Mathematics, More than Theology, Helps Us Know God
Classical theology begins with the premise that God is infinite, but how can humans possibly have knowledge of God when infinity is, by definition, beyond the bounds of human imagination?
Classical theology begins with the premise that God is infinite, but how can humans possibly have knowledge of God when infinity is by definition beyond the bounds of human imagination?
First Things columnist Stephen Webb takes up the issue of an infinite God, comparing the deity to a mathematical expression called Graham's number, a massively large number that approaches infinity (as much as one can), but still describes a real-world phenomenon (the number of dimensions inside a geometric shape known as a hypercube).
Webb argues that if God is infinite, as theologians insist, then mathematics may aid our understanding more than theology. That's a sentiment echoed by theoretical physicist Michio Kaku, who explained during a Big Think interview that physics may be the literal mind of God:
"The goal of physics, we believe, is to find an equation perhaps no more than one inch long which will allow us to unify all the forces of nature and allow us to read the mind of God. And what is the key to that one-inch equation? Super symmetry, a symmetry that comes out of physics, not mathematics, and has shocked the world of mathematics. But you see, all this is pure mathematics and so the final resolution could be that God is a mathematician."
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Musican. Actor. Fashion Icon. Internet Visionary?
- David Bowie was well known as a rock star, but somehow his other interests and accomplishments remain obscure.
- In this 1999 interview, he explains why he knows the internet is more than just a tool and why it was destined to change the world.
- He launched his own internet service provider in 1998, BowieNet. It ceased operations in 2006.
Moans, groans, and gripes release stress hormones in the brain.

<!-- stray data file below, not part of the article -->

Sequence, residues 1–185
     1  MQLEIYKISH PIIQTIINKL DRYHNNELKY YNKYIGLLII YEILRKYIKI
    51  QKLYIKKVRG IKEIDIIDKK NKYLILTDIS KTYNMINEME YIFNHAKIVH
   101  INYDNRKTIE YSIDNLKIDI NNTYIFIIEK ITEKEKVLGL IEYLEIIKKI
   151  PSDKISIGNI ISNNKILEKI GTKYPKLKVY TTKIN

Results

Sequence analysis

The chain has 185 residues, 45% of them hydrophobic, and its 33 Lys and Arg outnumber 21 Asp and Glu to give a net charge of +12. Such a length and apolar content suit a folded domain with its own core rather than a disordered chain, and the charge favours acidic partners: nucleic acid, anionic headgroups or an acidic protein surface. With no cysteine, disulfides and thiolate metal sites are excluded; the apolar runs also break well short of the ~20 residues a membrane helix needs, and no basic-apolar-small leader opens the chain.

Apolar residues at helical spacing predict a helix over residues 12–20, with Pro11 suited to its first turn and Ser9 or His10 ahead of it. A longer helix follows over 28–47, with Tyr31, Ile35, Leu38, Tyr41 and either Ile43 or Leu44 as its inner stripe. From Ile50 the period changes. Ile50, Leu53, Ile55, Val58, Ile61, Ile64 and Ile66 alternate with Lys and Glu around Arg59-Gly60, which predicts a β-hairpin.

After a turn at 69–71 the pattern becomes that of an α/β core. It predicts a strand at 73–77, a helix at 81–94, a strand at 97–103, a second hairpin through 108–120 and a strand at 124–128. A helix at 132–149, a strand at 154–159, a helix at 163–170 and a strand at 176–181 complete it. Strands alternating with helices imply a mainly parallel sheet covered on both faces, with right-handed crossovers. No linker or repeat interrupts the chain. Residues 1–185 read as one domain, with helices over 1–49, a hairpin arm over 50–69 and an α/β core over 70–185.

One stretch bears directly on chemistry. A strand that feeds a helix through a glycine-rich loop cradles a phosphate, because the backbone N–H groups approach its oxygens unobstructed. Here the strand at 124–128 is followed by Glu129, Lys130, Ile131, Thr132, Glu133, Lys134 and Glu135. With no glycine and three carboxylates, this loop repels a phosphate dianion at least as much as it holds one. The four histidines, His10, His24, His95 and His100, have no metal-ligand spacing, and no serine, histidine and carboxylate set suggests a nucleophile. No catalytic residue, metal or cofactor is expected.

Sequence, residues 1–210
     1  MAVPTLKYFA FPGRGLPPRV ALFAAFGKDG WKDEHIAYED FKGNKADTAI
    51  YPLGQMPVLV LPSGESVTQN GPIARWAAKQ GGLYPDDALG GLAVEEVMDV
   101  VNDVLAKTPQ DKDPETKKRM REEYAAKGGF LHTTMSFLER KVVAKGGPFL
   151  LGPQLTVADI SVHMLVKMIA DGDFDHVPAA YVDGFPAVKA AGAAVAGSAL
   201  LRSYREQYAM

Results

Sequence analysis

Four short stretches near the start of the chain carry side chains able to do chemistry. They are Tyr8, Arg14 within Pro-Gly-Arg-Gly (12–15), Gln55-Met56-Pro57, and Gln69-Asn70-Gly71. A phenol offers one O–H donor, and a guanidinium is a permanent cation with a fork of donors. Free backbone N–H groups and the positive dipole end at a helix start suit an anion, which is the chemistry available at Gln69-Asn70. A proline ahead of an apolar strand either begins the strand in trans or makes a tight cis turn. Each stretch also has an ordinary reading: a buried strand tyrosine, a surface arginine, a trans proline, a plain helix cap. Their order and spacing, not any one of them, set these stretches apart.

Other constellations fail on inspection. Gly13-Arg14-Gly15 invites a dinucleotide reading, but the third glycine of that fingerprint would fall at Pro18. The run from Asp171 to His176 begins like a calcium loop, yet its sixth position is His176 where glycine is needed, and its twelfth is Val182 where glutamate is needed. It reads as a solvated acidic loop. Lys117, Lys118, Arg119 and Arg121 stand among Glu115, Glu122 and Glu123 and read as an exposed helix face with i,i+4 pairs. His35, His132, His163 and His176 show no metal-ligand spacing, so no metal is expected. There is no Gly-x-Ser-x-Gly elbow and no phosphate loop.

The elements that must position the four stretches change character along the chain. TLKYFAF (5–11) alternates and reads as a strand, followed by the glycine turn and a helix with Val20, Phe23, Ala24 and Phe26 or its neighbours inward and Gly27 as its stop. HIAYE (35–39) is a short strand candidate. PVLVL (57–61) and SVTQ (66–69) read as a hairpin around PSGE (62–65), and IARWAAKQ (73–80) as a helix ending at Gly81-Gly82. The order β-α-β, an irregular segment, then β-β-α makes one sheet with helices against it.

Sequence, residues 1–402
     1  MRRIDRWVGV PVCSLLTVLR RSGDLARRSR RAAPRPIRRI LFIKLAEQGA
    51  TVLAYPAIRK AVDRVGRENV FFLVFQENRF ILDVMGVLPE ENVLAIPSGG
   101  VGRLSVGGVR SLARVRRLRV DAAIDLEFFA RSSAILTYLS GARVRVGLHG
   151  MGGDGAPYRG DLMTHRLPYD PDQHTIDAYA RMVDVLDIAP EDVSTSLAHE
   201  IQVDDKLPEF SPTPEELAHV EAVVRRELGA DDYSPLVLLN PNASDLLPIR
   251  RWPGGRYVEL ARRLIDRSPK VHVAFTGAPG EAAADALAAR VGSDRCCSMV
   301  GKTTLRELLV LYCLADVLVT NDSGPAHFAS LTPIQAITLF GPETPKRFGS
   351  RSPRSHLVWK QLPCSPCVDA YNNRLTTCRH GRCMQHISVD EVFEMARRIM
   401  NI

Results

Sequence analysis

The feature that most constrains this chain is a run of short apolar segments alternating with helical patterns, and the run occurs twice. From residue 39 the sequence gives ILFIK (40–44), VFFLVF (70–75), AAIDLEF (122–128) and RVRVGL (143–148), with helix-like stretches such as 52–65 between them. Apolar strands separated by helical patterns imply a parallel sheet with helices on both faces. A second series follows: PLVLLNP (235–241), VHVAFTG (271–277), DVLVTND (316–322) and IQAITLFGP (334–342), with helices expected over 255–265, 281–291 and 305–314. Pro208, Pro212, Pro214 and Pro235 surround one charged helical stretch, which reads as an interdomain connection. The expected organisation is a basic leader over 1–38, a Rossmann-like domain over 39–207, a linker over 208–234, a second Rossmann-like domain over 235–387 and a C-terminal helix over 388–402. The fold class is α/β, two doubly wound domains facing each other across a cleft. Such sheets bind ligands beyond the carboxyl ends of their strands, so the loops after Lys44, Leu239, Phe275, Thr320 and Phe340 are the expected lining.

Could you give up complaining for a whole month? That's the crux of this interesting piece by Jessica Hullinger over at Fast Company. Hullinger explores the reasons why humans are so predisposed to griping and why, despite these predispositions, we should all try to complain less. As for no complaining for a month, that was the goal for people enrolled in the Complaint Restraint project.
Participants sought to go the entirety of February without so much as a moan, groan, or bellyache.
Good science is sometimes trumped by the craving for a "big splash."
- Scientists strive to earn credit from their peers, for grants from federal agencies, and so a lot of the decisions that they make are strategic in nature. They're encouraged to publish exciting new findings that demonstrate some new phenomenon that we have never seen before.
- This professional pressure can affect their decision-making — to get acclaim they may actually make science worse. That is, a scientist might commit fraud if he thinks he can get away with it or a scientist might rush a result out of the door even though it hasn't been completely verified in order to beat the competition.
- On top of the acclaim of their peers, scientists — with the increasing popularity of science journalism — are starting to be rewarded for doing things that the public is interested in. The good side of this is that the research is more likely to have a public impact, rather than be esoteric. The bad side? To make a "big splash" a scientist may push a study or article that doesn't exemplify good science.
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